Skip to main content

Calixtus II

Calixtus II, Callixtus II, or Callistus II, d. 1124, pope (1119–24), named Guy of Burgundy, successor of Gelasius II. The son of count William I of Burgundy, he was archbishop of Vienne during the investiture controversy with Holy Roman Emperor Henry V. When Gelasius died while in exile in France, Calixtus was consecrated pope at Vienne. He immediately summoned a large council at Reims (1119) that proceeded to anathematize the emperor and the antipope that Henry had installed (1118), Gregory VIII. Public reaction sided with the pope and the antipope was imprisoned. Henry thereupon agreed to sign (1122) the famous Concordat (see Worms, Concordat of), a compromise that recognized the rights of the church in selecting its leadership. Thus was the investiture controversy ended and the reform program of Gregory VII realized. Calixtus then called to Rome (1123) a great council in Western Europe (see Lateran Council, First) to ratify the achievements of Pope Gregory VII. He was succeeded by Honorius II.

Cite this article
Pick a style below, and copy the text for your bibliography.

  • MLA
  • Chicago
  • APA

"Calixtus II." The Columbia Encyclopedia, 6th ed.. . 20 Aug. 2019 <>.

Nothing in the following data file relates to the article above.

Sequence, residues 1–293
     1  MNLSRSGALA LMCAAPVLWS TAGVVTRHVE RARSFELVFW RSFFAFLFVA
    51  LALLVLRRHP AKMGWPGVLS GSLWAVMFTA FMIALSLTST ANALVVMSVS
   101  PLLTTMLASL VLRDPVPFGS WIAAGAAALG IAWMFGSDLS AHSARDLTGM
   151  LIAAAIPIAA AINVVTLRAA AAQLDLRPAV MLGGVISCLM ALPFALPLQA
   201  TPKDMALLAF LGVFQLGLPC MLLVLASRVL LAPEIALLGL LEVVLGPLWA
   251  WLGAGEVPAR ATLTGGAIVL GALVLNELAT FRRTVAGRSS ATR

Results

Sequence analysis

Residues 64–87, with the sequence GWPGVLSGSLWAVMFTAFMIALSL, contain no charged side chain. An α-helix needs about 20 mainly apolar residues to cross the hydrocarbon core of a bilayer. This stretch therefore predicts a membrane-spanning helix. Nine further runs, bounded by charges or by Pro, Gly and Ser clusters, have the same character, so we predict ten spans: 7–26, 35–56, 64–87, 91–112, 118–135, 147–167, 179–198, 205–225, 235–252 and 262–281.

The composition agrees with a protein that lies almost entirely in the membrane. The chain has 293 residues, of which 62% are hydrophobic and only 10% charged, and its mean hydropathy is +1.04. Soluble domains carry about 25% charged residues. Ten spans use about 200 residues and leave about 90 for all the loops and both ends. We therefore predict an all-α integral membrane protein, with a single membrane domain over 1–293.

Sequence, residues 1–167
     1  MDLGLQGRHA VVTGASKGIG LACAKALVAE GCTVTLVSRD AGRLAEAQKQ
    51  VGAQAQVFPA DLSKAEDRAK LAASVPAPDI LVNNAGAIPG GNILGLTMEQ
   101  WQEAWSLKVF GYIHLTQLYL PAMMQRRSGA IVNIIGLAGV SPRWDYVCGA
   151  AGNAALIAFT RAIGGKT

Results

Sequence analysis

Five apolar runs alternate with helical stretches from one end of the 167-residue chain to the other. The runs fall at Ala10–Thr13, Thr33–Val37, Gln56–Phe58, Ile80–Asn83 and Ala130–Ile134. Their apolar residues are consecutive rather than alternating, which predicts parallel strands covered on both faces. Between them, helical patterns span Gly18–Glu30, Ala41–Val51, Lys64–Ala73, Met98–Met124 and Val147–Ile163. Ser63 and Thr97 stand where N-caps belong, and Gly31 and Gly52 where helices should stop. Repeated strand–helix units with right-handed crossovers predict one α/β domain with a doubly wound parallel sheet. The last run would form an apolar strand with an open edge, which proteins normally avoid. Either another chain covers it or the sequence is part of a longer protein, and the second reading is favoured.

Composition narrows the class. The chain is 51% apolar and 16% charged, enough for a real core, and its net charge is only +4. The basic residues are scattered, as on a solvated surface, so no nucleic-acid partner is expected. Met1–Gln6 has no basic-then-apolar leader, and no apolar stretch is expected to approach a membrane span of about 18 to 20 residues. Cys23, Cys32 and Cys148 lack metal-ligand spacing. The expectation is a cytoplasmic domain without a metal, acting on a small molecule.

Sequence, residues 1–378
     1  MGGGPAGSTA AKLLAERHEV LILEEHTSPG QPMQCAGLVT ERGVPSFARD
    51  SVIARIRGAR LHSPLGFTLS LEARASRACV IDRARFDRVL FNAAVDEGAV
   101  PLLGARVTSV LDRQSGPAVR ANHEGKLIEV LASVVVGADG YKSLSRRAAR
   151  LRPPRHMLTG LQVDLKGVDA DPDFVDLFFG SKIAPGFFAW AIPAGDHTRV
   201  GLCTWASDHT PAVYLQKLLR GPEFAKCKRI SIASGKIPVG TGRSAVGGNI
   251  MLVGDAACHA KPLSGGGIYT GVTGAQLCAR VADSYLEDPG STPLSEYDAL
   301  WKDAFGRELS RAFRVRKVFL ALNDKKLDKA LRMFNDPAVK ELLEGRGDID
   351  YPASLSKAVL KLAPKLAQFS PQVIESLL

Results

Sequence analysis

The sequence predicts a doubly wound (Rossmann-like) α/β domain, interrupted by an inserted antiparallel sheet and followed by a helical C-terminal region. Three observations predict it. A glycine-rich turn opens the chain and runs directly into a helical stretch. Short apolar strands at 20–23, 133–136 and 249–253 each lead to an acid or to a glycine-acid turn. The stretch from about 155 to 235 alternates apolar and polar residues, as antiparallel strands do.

"Calixtus II." The Columbia Encyclopedia, 6th ed.. . (August 20, 2019).

"Calixtus II." The Columbia Encyclopedia, 6th ed.. . Retrieved August 20, 2019 from

Learn more about citation styles

Citation styles gives you the ability to cite reference entries and articles according to common styles from the Modern Language Association (MLA), The Chicago Manual of Style, and the American Psychological Association (APA).

Within the “Cite this article” tool, pick a style to see how all available information looks when formatted according to that style. Then, copy and paste the text into your bibliography or works cited list.

Because each style has its own formatting nuances that evolve over time and not all information is available for every reference entry or article, cannot guarantee each citation it generates. Therefore, it’s best to use citations as a starting point before checking the style against your school or publication’s requirements and the most-recent information available at these sites:

Modern Language Association

The Chicago Manual of Style

American Psychological Association

  • Most online reference entries and articles do not have page numbers. Therefore, that information is unavailable for most content. However, the date of retrieval is often important. Refer to each style’s convention regarding the best way to format page numbers and retrieval dates.
  • In addition to the MLA, Chicago, and APA styles, your school, university, publication, or institution may have its own requirements for citations. Therefore, be sure to refer to those guidelines when editing your bibliography or works cited list.